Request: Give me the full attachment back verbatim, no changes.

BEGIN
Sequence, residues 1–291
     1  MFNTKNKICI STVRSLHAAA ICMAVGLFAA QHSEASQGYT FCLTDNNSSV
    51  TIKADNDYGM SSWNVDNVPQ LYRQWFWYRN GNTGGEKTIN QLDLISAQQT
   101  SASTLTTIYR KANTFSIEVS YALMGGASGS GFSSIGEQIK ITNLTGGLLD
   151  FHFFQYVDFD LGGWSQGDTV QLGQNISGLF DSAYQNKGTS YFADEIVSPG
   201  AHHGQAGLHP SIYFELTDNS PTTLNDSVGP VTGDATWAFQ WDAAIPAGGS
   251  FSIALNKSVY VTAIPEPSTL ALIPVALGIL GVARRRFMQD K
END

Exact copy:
Sequence, residues 1–291
     1  MFNTKNKICI STVRSLHAAA ICMAVGLFAA QHSEASQGYT FCLTDNNSSV
    51  TIKADNDYGM SSWNVDNVPQ LYRQWFWYRN GNTGGEKTIN QLDLISAQQT
   101  SASTLTTIYR KANTFSIEVS YALMGGASGS GFSSIGEQIK ITNLTGGLLD
   151  FHFFQYVDFD LGGWSQGDTV QLGQNISGLF DSAYQNKGTS YFADEIVSPG
   201  AHHGQAGLHP SIYFELTDNS PTTLNDSVGP VTGDATWAFQ WDAAIPAGGS
   251  FSIALNKSVY VTAIPEPSTL ALIPVALGIL GVARRRFMQD K